a community service project sponsored by World Nomads
After a night of tossing through below-freezing temperatures, the sun finally rises. And as I peer out of my tent to watch it chase away the shadows, melt the frost and fill our valley with fuzzy light and flushing warmth – I clearly understand, and immediately convert to, worship of the Incan sun god, Inti.
Watching the clouds traverse the sky, I come to the slow conclusion that I have no idea what day, date or time it is. I only know that the light is golden, the shadows heavy, and the sky clear; my first, second and third clock hands all pointing at the precise time of, “morning.”
When given the rare opportunity, Nature quickly reassumes her authority over my senses, replacing my watch with new, but natural alarm clocks like, “wake when the light opens your eyes” and “eat when your stomach sounds for it,” and “sleep when the sky shuts its lids.” After only a few days in the Andes, I can already feel my umbilical cord to the revered and worshiped, pachamama (mother earth) tugging me closer. Can I imagine the implications of being born here in the mountains: feet accustomed always to being bare upon the earth, life dependent on what yields the seasons fancy, years measured by the movement of my earth among the stars. No I can’t imagine. But I can intuitively understand. I understand that when the earth is your god, its elements and inhabitants are its messengers. And it makes sense to me that the people of Quelqanqa spend endless hours embedding the intricate outlines of suns, moons, pumas, condors, eagles, humming birds, serpents and jaguars into their shawls, scarves and skirts.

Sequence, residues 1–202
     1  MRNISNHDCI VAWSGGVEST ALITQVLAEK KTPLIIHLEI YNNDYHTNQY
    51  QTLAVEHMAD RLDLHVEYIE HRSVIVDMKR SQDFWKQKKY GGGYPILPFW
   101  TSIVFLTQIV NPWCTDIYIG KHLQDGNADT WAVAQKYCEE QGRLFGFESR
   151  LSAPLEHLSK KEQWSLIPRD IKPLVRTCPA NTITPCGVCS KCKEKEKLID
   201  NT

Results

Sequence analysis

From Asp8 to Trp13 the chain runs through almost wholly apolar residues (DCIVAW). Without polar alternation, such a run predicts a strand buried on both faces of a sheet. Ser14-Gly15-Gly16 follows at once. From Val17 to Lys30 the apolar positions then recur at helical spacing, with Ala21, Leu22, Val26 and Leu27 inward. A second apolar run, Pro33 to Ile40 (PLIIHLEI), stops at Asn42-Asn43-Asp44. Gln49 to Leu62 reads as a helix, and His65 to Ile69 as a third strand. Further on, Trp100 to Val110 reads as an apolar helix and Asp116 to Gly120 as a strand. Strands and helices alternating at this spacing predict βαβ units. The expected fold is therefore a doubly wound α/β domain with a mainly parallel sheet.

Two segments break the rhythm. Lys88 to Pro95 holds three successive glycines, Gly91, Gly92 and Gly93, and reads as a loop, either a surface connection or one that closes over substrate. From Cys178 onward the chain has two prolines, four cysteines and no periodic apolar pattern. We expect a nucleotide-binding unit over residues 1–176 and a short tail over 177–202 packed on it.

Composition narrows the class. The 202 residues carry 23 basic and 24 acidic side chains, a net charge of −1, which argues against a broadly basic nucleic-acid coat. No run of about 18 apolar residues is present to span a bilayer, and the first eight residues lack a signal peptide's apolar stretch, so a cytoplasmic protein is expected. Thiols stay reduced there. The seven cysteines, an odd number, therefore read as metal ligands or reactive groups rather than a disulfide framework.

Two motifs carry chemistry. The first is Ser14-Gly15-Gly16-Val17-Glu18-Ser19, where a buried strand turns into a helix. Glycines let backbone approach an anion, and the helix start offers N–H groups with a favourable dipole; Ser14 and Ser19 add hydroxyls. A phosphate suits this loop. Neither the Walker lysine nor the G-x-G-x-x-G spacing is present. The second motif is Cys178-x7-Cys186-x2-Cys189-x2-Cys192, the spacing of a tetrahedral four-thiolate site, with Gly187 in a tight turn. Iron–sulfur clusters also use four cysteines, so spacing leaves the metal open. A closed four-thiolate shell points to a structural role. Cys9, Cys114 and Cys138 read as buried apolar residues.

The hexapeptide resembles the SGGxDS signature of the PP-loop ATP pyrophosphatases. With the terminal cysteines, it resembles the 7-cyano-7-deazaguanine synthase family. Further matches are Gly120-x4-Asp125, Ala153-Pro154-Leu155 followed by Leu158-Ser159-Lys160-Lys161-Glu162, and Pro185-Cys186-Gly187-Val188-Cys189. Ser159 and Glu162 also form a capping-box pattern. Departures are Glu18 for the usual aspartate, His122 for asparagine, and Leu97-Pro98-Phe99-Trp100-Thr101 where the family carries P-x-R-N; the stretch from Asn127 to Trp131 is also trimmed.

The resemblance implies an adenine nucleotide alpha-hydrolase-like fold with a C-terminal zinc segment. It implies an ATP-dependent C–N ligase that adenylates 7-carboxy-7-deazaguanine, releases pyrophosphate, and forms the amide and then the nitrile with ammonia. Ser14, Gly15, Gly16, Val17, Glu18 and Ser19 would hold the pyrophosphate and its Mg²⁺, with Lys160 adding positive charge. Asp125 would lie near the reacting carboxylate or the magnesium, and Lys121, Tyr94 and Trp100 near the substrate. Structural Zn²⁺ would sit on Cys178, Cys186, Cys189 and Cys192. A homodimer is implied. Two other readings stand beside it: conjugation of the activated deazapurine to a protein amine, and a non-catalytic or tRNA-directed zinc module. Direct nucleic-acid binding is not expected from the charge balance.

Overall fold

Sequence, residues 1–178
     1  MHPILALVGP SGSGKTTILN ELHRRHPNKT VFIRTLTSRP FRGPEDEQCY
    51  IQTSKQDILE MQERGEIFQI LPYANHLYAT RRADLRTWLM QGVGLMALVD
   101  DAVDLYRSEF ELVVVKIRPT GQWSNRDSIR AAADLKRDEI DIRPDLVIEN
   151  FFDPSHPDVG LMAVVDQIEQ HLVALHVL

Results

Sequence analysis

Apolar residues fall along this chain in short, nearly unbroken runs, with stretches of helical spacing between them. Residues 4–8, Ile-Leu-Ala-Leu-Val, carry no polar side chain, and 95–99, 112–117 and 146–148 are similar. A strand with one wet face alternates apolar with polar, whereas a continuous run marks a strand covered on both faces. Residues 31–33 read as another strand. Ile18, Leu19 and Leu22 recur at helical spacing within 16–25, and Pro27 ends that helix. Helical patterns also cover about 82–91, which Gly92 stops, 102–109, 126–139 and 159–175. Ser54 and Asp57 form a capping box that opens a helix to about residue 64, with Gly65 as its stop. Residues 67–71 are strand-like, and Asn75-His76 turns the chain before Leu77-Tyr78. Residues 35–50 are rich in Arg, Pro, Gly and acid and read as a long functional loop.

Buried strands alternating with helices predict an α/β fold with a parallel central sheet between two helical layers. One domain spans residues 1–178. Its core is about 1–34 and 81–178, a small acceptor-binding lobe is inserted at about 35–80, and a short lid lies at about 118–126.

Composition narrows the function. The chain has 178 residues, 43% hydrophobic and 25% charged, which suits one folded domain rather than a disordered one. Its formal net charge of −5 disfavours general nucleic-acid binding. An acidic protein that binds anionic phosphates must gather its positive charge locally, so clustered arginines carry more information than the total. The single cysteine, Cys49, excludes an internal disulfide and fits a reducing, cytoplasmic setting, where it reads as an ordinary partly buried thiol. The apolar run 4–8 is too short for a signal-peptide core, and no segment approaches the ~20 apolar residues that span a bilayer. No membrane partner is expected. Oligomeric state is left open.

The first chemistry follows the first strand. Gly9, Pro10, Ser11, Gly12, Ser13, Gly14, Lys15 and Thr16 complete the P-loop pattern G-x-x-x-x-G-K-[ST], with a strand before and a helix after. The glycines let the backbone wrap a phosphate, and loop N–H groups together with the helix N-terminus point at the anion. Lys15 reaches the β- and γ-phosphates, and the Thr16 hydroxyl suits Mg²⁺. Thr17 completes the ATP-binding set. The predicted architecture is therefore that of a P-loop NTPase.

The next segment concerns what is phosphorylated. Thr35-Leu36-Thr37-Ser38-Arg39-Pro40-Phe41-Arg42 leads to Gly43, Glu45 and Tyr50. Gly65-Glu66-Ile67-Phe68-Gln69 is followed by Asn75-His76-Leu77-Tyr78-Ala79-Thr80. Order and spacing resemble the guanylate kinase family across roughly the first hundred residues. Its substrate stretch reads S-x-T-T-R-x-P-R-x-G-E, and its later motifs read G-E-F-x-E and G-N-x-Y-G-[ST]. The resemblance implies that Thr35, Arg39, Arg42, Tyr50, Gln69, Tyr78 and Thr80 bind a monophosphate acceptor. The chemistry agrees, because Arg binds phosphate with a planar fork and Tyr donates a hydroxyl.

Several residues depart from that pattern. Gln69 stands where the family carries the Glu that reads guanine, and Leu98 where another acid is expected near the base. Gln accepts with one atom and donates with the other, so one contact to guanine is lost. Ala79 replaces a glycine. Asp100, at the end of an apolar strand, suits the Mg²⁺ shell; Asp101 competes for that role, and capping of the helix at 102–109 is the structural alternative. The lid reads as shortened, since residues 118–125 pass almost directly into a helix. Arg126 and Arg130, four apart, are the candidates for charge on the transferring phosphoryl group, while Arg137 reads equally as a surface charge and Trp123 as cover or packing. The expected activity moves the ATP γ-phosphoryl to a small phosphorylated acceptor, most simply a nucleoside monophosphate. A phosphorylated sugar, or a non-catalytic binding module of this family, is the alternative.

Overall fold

They say that even the language, Quechua, derives from the sounds of nature. And my ears attuned, finally, to the silence in which all mountains whisper, I too hear the voice of the river scouting the fastest route south, the wind blindly winding its way through the passes, the odd beeping talk of llamas and alpacas shouting warnings to each other, and the Andean condors silently swooping while the finches bounce their calls of mountain walls.
For me, it is this devotion to pachamama that distinguishes the people that populate this continent as special from the rest. While I highly respect that spirituality is so well researched, studied, explored, termed and given such specific method, form and expression in the East, I am equally awed by the simplicity of understanding your relationship to the world, not in terms of what you are not, but as a function of exactly your physical interdependence and relationship with all that IS. The Earth is clearly respected here as the provider, the nourisher, the sustainer – and also the destructive – but always equally fertile – Mother of all life. And to Her, all respects are paid.
In the Incan cosmic vision, kaypacha is the world we live in, hananpacha, the higher world of spiritual beings, and ukhupacha, the interior and bridge between worlds. Yes. I am a romantic, and while it’s perhaps unfair for me to romanticize others’ lives, I’m entitled to my personal, even if rosy, experience of my own. And here in this little lost valley in the Andes, this is what I experience: the height of the mountains humbling me, the brightness of the sun blinding me, the extremities of the weather sensitizing me, the constant physical connection to the earth grounding me, and the immensity of open space shrinking me. This pummeling, of my ego and senses, back into the Earth and my place of interdependence within her, is what I experience whenever I find myself surrounded by, and surrendered to, the Earth’s elements. And if I have ever come close, it’s only been under these conditions that I’ve found myself on the bank of the ukhupacha — the bridge between worlds.0